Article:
Julie Webb ‘04
--Main message is to communicate positive Greek experience (in the context of her personal experience). Joined a sorority largely to develop relationships with upper- class women. Mentor role, role models, guidance for class selection, etc.
--Sorority system gives "social space" to women, outside of context of dorms and traditional fraternity system. Social spaces controlled by different groups.
--Sorority provided community support for members in crisis or in support of activities of members. Size of most sororities is very large (positives and negatives).
--Wanted to leave us with positive story regarding the benefits of the system, recognizing some don't get the advantage.
Neha Kulkarni ‘05
--Focused on her efforts to install an Asian American Studies program.
--Other institutions have Asian American studies programs, Dartmouth does not.
--Dartmouth is developing a program; she described process under which the process is being conducted.
--Recent meeting of group has concluded to recommend Asian American studies minor program; described present three classes.
--Described her current classes in the area and how it has benefited her and her peers.
--Contrasted present programs (African American, Latin American, etc.).
--Strongly urged the adoption of positive steps; "change takes time, which is true, but, how much time?"
--1,100 plus student signatures collected on petition to the College for this purpose.
--Offered ways for Councilors to support the effort.
Matthew Oppenheimer ‘05
--Addressed the Academic Honor Principle; handouts with text.
--Belief that Dartmouth is overall doing a good job.
--Purpose of AHP is to instill trust and give student input.
--Described some particular cases. Suggested that the AHP is about pedagogy and not about policing.
--Sense among students: Intent; if you fail to do something but it is unintentional; should there be an element of intent in the application of the AHP?
--Dartmouth has justifiable pride in students and what they do. Students find some of the issues to be gray. Can they study together? Is it about fear?
Ann Duffy, the Council's representative to the Alumni Magazine editorial board and Chair of its Business Planning Task Force, spoke of the creation of the task force and its recommendations. A new business model is to be submitted to the Trustees and implemented within three years. Ann shared a set of recommendations and alternatives for funding:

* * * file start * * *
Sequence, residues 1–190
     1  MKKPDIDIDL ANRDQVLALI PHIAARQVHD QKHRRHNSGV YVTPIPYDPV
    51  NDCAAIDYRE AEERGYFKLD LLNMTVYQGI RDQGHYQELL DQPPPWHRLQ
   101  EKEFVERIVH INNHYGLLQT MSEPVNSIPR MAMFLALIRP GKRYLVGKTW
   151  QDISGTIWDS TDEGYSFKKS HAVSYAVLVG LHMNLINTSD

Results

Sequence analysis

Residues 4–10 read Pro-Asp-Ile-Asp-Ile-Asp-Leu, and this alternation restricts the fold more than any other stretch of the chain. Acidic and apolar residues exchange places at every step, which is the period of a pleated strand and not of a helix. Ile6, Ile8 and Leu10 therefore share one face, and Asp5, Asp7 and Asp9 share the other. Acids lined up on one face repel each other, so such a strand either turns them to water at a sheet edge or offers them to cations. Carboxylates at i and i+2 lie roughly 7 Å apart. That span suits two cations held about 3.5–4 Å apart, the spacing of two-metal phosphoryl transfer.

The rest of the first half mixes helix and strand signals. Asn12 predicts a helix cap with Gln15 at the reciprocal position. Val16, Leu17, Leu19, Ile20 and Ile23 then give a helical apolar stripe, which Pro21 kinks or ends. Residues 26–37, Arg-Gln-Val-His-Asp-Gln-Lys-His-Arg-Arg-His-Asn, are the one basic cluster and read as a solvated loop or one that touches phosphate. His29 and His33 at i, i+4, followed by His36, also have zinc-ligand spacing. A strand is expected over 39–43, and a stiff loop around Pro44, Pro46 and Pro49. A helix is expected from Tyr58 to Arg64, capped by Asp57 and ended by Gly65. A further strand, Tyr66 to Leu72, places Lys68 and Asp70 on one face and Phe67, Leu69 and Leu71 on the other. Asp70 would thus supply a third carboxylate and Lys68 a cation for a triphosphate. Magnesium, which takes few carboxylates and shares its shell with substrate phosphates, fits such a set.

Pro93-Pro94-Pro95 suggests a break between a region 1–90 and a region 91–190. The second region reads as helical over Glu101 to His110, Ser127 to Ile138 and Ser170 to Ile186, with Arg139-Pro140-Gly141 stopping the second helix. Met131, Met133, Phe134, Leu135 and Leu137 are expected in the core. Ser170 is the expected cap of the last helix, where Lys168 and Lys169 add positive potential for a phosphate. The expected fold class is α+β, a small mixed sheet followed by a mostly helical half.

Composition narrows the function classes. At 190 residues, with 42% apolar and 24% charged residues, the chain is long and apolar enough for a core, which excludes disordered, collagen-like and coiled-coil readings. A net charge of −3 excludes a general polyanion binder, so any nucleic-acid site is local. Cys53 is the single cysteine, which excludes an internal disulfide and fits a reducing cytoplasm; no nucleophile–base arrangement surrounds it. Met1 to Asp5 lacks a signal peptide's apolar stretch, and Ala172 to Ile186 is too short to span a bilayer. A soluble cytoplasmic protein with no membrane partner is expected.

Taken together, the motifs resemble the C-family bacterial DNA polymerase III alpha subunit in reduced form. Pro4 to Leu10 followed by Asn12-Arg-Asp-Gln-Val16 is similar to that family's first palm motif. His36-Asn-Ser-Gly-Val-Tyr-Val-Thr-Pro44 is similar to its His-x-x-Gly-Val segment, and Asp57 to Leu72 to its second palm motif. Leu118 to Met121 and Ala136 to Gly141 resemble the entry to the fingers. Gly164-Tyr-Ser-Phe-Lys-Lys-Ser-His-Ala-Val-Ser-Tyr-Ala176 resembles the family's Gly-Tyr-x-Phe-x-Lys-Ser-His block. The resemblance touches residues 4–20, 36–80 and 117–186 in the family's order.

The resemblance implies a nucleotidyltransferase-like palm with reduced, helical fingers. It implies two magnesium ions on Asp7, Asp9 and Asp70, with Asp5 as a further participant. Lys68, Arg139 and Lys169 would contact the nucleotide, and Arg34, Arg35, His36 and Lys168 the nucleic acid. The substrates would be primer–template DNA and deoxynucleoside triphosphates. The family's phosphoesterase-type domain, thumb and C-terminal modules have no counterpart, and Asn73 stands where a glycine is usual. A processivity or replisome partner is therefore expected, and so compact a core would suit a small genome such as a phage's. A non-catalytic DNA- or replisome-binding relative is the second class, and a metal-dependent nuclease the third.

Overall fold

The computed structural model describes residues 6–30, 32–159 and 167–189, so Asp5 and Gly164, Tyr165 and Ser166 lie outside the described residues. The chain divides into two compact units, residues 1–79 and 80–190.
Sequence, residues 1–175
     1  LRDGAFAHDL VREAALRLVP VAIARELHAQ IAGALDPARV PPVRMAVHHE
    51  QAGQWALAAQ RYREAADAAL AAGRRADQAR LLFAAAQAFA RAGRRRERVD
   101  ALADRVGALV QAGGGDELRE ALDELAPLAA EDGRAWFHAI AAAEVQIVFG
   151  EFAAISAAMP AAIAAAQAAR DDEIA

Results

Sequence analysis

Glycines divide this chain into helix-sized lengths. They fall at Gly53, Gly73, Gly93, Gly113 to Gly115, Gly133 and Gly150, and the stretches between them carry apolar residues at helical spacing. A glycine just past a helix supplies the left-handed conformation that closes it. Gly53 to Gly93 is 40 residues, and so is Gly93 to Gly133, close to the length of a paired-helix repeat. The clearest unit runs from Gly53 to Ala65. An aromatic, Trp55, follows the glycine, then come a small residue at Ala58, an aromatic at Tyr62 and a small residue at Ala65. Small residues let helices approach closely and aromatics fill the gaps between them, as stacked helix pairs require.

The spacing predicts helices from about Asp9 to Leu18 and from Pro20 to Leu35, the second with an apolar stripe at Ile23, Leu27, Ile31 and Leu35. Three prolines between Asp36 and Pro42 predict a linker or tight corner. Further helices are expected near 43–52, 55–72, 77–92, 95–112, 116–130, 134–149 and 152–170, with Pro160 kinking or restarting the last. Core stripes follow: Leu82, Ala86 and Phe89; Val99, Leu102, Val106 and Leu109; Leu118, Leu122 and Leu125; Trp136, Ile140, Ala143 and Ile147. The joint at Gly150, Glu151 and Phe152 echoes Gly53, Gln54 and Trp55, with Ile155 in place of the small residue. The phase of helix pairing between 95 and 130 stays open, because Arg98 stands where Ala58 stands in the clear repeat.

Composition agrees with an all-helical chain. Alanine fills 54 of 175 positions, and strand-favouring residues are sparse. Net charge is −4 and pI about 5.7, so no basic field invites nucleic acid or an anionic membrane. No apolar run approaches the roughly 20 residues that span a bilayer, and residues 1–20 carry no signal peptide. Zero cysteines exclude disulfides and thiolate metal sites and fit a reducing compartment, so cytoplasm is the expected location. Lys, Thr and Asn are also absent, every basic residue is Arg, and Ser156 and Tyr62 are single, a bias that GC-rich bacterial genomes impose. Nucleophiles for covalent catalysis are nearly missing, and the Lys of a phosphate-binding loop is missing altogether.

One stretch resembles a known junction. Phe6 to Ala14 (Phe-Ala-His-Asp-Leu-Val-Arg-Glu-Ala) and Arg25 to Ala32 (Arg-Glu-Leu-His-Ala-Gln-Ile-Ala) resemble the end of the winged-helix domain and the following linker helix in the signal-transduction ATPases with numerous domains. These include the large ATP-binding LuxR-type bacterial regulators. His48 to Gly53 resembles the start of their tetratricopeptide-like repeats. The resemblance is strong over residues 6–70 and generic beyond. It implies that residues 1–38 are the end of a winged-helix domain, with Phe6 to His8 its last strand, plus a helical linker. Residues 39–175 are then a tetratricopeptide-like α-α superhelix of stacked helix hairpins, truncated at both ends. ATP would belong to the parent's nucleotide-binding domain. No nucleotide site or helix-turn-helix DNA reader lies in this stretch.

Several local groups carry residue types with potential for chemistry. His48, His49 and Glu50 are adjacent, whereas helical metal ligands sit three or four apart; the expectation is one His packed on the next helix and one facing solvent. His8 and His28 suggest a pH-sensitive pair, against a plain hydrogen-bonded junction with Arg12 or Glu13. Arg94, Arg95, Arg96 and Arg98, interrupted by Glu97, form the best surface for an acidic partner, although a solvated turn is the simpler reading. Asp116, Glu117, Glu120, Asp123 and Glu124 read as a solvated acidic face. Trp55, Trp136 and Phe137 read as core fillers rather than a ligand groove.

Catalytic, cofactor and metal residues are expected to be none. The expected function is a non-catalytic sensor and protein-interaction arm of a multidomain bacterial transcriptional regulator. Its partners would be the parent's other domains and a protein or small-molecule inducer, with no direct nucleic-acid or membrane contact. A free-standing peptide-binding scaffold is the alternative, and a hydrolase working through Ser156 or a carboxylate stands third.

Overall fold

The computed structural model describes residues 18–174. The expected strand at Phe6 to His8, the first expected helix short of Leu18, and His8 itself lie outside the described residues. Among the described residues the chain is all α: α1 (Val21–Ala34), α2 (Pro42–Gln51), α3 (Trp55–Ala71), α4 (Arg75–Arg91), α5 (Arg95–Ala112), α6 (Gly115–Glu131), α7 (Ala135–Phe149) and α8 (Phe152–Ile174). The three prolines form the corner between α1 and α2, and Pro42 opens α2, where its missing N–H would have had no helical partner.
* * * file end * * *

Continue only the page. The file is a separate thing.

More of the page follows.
-dues will continue to be part of funding but additional revenue sources will be critical
-plan to revise business model must be phased in over time
-pricing proposal to give classes incentive to stabilize and grow circulation
-develop paid subscriptions (partly through targeting parents and graduate school alums)
-build fundraising effort for DAM (effective at Brown, Harvard and Penn)
-increase the college subsidy (Dartmouth subsidy is roughly 10%, whereas other Ivies have subsidies of up to 35%)
-increase advertising subsidy
-develop long-term strategic plan
-institute regular reader feedback mechanisms
Alternatives to Funding
-dues and advertising
-institutional subsidy, dues, advertising
-advertising, paid subscriptions (Cornell model, which results in greatly lower distribution; @ Cornell only 10% of alumni get magazine)
The Council thanked Ann and the committee for their efforts.
Trustee Karen Francis '84 gave the Trustee Report, beginning with a reiteration of the commitment to the Dartmouth Experience, including the 8:1 student/faculty ratio and 44 off-campus programs. Karen noted the strong athletics program (and some recent successes in both hockey programs, figure skating, baseball and women's lacrosse). In the Arts, she pointed to 11 singing groups, 15 student publications and over 10 performance groups. Karen recognized the support for the Greek system, including a loan program for building improvements. She noted the 75-80% participation in the Tucker foundation, and shared issues recently discussed by the Trustees with students.
Committee meetings were followed by optional activities for Councilors, which included 1) tour of residence halls and Greek houses; 2) tour of the Rauner Special Collection in Webster Hall; and 3) Film Festival, "To Laugh or Not to Laugh: A Rendevouz with French film about the Holocaust," organized by Rebecca Loeffler '04.
At the Alumni Council dinner, John Engleman '68 and Ann Fritz Hackett '76 were recognized with Alumni Awards for their exceptional contributions to the College. Ann is the first alumna to be so recognized. President James Wright ‘64A addressed the Councilors about the uniqueness of the Dartmouth experience and the Dartmouth student. Some initiatives President Wright highlighted as examples of the commitment to the undergraduate education included:
• the Dartmouth Center for Learning,
• additional academic advising for students choosing a major,
• the development of a more extensive writing program, and
• increased compensation for faculty who excel in the classroom through teaching and mentoring.
Carrie Pelzel ‘54A, vice president for Development, provided background on the development and positioning of the Campaign for the Dartmouth Experience. Now in its “quiet phase,” the Campaign has a target of $1.3B and 60% participation, running through 2009. She noted that the Campaign Executive Committee has committed $140M to date, and a total of $337M has been received in gifts and pledges. The Campaign will have a stronger emphasis on face-to-face communication, and suggested that the Council can help by extending the outreach effort through existing activities and forums, and talking about the Dartmouth Experience.